Monday, November 19, 2012

How Much Do You Need to Describe Your Characters?

By Janice Hardy, @Janice_Hardy

At some point in your story, you'll have to decide how much to include about the physical description of a character. You don't want to describe your characters to death, but you also want to describe them so readers can get an idea of what they look like. How much is too much and how little is too little?

This is one of those things that's really up to the author. I dislike a lot of description, and I admit, I skim a passage when it's clear it's a big "this is what stuff looks like" paragraph. Even description about a character. I'm much more interested in who they are and what they'll do than what they look like.

Because of my personal feelings, I tend to be sparse when I write my own character descriptions. In fact, if I didn't know there are folks out there who love knowing what someone looks like, I'd probably skip them altogether.

But that's just me, and my way may not be your way. So, quick answers:

How much is too much?

If it bogs down the story, it's too much.

How much it too little?

If there's no sense of who the person is, it's too little.

How important is it to describe them?

Some authors never do. If it's important to you, do it. If not, don't. 

I think any description, be it about a character or a place, has the potential to bog down a story because description stops the action. So we need to be careful about how we slip it in and how much we use.

My own rule of thumb is, the more details you add, the more you need to keep it in your point of view (POV). Let them judge what they're seeing so the details do more than just describe. They also characterize and do some world building at the same time.

Example One:  
The man was tall, six feet six inches, with broad shoulders. He had short blond hair and brown eyes, and wore a olive green double-breasted suit.
-yawn-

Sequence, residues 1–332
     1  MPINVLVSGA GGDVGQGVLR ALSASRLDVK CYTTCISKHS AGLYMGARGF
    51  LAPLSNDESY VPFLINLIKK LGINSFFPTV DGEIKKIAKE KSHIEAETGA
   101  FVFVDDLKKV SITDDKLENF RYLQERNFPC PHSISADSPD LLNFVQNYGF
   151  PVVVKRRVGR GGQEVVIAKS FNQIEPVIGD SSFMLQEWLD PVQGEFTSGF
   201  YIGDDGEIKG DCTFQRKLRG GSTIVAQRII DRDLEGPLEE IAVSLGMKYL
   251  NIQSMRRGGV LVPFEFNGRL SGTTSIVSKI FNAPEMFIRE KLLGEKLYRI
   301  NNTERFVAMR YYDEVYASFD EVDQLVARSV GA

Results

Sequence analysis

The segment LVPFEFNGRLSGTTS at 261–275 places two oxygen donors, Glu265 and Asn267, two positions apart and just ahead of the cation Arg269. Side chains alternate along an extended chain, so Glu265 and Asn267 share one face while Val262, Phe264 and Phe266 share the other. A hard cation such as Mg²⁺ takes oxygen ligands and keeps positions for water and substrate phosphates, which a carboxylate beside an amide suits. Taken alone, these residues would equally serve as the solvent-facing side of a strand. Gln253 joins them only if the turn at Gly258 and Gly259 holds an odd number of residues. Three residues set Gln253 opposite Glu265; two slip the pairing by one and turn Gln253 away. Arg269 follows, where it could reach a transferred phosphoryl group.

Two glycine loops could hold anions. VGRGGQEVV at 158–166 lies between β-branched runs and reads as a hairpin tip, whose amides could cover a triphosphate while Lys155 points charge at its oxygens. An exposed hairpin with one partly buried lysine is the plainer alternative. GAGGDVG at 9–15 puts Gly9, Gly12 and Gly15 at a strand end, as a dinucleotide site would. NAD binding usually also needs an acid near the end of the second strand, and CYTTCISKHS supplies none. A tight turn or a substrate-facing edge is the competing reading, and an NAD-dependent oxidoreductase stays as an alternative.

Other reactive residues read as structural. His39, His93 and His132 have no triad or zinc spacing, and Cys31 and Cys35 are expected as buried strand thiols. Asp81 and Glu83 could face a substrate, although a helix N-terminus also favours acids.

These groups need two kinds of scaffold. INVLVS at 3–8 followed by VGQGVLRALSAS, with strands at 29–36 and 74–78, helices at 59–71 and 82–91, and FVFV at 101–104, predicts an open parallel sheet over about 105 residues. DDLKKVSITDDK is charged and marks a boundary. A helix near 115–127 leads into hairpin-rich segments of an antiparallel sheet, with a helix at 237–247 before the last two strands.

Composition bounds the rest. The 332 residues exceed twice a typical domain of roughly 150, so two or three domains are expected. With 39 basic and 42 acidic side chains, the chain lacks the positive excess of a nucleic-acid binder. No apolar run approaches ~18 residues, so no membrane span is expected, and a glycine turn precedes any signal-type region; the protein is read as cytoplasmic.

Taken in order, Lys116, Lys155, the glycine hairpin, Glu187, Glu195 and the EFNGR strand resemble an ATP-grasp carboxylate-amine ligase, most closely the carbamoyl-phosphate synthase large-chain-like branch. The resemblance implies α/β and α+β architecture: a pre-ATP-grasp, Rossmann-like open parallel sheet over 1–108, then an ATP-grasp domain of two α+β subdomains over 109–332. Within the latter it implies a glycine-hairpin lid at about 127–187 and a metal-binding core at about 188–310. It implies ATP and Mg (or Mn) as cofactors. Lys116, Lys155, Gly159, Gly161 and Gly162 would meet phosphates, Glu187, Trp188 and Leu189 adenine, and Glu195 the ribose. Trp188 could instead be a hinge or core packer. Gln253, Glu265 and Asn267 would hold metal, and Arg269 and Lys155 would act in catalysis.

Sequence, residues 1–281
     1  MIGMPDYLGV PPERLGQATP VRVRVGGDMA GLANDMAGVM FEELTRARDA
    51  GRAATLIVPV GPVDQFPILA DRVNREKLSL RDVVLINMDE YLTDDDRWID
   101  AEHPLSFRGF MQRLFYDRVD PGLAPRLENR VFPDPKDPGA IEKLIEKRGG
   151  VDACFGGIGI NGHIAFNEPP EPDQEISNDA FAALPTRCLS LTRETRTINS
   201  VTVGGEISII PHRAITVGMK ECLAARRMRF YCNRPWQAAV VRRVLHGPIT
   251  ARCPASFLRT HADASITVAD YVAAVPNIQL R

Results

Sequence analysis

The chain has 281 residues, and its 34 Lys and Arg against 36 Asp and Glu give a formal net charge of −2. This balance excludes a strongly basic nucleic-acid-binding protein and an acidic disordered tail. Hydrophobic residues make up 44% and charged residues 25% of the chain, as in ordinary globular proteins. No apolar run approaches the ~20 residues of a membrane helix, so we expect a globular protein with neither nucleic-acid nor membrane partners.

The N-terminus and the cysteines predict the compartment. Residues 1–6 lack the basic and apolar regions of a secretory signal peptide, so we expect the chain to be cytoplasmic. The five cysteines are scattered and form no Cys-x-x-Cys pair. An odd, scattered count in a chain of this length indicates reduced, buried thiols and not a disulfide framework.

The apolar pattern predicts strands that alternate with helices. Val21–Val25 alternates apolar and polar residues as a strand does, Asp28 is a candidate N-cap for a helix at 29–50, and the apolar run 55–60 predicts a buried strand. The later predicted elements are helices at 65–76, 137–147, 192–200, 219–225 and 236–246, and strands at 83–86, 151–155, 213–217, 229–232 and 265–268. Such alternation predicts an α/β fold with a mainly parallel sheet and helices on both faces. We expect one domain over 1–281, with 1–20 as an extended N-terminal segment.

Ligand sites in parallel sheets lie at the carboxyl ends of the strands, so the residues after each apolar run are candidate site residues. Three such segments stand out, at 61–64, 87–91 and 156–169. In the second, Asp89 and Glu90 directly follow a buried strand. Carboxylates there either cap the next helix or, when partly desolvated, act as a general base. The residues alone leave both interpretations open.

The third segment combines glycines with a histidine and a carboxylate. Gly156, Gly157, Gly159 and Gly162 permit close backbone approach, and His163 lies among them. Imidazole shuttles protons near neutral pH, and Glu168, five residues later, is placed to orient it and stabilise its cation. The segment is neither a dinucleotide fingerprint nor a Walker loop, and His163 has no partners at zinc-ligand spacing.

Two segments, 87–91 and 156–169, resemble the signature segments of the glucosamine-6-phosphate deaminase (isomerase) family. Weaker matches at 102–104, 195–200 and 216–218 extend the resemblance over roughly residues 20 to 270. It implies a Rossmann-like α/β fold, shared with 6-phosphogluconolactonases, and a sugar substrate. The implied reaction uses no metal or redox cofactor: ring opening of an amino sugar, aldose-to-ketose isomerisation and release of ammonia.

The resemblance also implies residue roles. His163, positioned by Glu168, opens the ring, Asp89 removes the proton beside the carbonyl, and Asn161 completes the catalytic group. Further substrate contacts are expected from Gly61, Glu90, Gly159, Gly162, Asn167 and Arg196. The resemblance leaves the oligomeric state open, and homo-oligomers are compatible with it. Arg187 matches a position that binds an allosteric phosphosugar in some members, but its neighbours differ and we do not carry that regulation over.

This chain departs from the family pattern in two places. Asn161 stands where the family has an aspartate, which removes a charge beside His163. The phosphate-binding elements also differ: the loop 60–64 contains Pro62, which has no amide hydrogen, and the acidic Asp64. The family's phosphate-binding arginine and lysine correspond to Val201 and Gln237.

This, I'd skim. It tells me details, but so what? Unless this is the exact description of the killer, it does nothing to move the story along.This tells me nothing about who this guy is or who the person looking at him is.

Try the same details in a solid POV.

Example Two:  
He was tall, like, basketball tall, with shoulders wide enough to block any jump shot. But no star athlete would wear that haircut, even a blond one. His brown eyes sparkled with more intelligence that you'd think at first glance, as if he knew what he looked like in that too-fancy-for-just-lunch olive suit. And come on, double breasted? In this neighborhood? Please.

Here we learn just as much about who the POV is as we do what the guy looks like. The POV knows sports, or at least basketball, they don't think too highly of folks who are dressed a certain way in that area, suggesting some type of prejudice. This is a person who sees things and immediately judges them. But they're also perceptive, since they noticed the subtleties of the eye sparkle.

(More on describing your first-person protagonist here)

You don't have to flesh it out as long as this, though. You can sum up a quick description in a way that still feels like your POV.

Example Three:  
The man stood out. Six foot six, olive suit, blond hair, brown eyes, broad shoulders. He was worth keeping an eye on.

Much shorter, and with a tone that suggests whoever is keeping an eye on him might have some police or military background. The details are taken in quickly, but what comes before and after those details is judgment about them. That's turns this from bland to interesting.

Of course, you can also describe without giving away too many details.

Example Four:  
He was the kind of guy who belonged on the cover of a romance novel.

I didn't give one detail of actual description, but I bet every one of you pictured something specific. Very likely the broad-chested, well-muscled guy with long flowing hair, either blond or black. (Fabio, anyone?) This image has become a cliche, and you can use that cultural knowledge to fill in the blanks.

(More on making the most of your descriptions here)

When describing characters, you don't have to put in more (or less) than you feel the story needs. What's more important is what those details bring to the page than what they are.

How much do you describe? Do you like knowing what a character looking like? Why or why not?